Never did I think that I would hear those words escape from my mouth but the truth is, I am officially the mother of a soldier.
I had the honor of attending my oldest son’s graduation from basic training in Fort Leonard Wood, MO. And I must say that it will be one of the fondest memories I possess in my life.
As a parent we raise our children in hopes that they will be successful, but for a mother of a soldier it’s just a bit of a catch 22 for me. As proud as I am of him, we also live in a world of uncertainty right now.
I took my seat that morning and watched as each group of these young men and women marched their way to the stage and one by one called off their names and where they were from. And when my child came forth, I barely recognized him. He was all grown up. He had already changed.
I thought about all their family and friends in the audience who were watching and wondering if they were all having the same feelings as me. The feelings of pride, joy, love, fear, understanding, and of course uncertainty. If their whirl wind of emotions, were blowing in the same direction as mine.
I sat across from my son, dressed in his Army issued tailored blues, made just for him. And I couldn’t help but think that just yesterday he was this 10 year old little boy, with no thoughts of where he would be sitting on this very day across from me.
I thought about the past year and a half and what he has overcome. That he made some bad choices but made some self discovery along the way and in the end chose the right path.
I thought about the last time I saw him and how many things were said between us. A conversation that hasn’t been finished.
I also thought about my 4 other children, who are all growing up so fast, and that as soon as I blink my eyes, this person sitting across from me, will be my 4 year old. All grown up and no longer needing my undivided attention and me knowing that I did my best to give her and all of her siblings the love, life skills, and childhood memories that will give them the best wings to fly. To know that I tried to be the best mother I could…even when some days mothering required every ounce of me that I had.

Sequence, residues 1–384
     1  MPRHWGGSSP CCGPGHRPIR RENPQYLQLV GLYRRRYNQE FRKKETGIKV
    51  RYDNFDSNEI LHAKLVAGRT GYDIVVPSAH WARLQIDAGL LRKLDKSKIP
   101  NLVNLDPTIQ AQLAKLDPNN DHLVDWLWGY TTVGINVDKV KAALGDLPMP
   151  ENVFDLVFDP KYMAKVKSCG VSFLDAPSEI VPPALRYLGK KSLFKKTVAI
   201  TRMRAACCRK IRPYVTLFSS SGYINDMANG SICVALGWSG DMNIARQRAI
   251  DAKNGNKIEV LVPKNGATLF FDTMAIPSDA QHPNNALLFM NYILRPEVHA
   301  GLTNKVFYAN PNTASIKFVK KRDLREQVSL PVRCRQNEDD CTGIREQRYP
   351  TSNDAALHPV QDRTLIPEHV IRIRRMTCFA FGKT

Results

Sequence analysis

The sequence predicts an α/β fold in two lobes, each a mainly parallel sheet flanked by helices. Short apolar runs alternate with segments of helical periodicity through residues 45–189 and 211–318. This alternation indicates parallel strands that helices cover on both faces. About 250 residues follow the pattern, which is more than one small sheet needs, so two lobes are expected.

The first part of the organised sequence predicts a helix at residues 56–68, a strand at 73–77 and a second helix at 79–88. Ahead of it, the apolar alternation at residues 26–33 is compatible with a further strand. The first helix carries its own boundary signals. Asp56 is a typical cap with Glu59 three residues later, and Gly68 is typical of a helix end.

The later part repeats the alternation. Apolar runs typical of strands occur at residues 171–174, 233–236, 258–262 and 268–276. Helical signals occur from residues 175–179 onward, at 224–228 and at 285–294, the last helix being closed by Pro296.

Watching this ceremony and hearing of my son’s stories of his journey so far, gave me a new found respect for these young men and women who take an oath to protect and serve their country. To protect some of the freedoms that so many of us take for granted. To sign on a dotted line not knowing the unpredictability that lies ahead.
Basically giving up their freedom…to ensure ours.
The last night I was there, I walked my son up the sidewalk near his barracks. I promised I wouldn’t cry. I promised that I would be strong and send him on his way. I hugged him tight, told him I loved him, and then as soon as I turned to head toward’s the car all those tears poured out.
I hadn’t cried like that in a long time.
But it wasn’t just because I am the mother of a soldier, it’s because I am a mother, and for the first time since becoming a mother, I had a taste of what it was like to let go, and that before long, I would have to let go of all of them.
I know your blood doesn’t share my blood but I will always think of you as my son. There are so many things that you won’t understand until you have children of your own.
I hope you know how proud your dad and I are of the person you have become. That you chose to be a better person, even with so many odds against you.
I hope you understand how much we love you. And how much we never stopped loving you…even when you weren’t making the best of choices.
I hope you understand the reasons of why we had to make some of the choices we made. I don’t regret those choices…especially if it gave you the will to prove you could make it. That you could be a better person even with the hand of cards you had been dealt.
I hope you will always know…this is your home.
PS: Never lose sight of the boy on the left. He’s formed the man on the right.